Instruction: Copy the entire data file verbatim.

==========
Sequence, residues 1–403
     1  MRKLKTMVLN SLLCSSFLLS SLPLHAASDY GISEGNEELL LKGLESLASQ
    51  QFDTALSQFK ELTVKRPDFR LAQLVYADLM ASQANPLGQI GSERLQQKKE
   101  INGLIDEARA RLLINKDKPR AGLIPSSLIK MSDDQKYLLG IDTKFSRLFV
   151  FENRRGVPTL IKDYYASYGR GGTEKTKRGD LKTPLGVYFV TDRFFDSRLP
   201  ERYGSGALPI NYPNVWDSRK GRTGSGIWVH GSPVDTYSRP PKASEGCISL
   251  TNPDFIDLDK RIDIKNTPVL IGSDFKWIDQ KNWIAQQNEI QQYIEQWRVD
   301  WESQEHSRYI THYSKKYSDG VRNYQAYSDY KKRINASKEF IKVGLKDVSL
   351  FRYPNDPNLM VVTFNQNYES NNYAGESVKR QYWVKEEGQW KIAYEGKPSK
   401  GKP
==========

Sequence, residues 1–403
     1  MRKLKTMVLN SLLCSSFLLS SLPLHAASDY GISEGNEELL LKGLESLASQ
    51  QFDTALSQFK ELTVKRPDFR LAQLVYADLM ASQANPLGQI GSERLQQKKE
   101  INGLIDEARA RLLINKDKPR AGLIPSSLIK MSDDQKYLLG IDTKFSRLFV
   151  FENRRGVPTL IKDYYASYGR GGTEKTKRGD LKTPLGVYFV TDRFFDSRLP
   201  ERYGSGALPI NYPNVWDSRK GRTGSGIWVH GSPVDTYSRP PKASEGCISL
   251  TNPDFIDLDK RIDIKNTPVL IGSDFKWIDQ KNWIAQQNEI QQYIEQWRVD
   301  WESQEHSRYI THYSKKYSDG VRNYQAYSDY KKRINASKEF IKVGLKDVSL
   351  FRYPNDPNLM VVTFNQNYES NNYAGESVKR QYWVKEEGQW KIAYEGKPSK
   401  GKP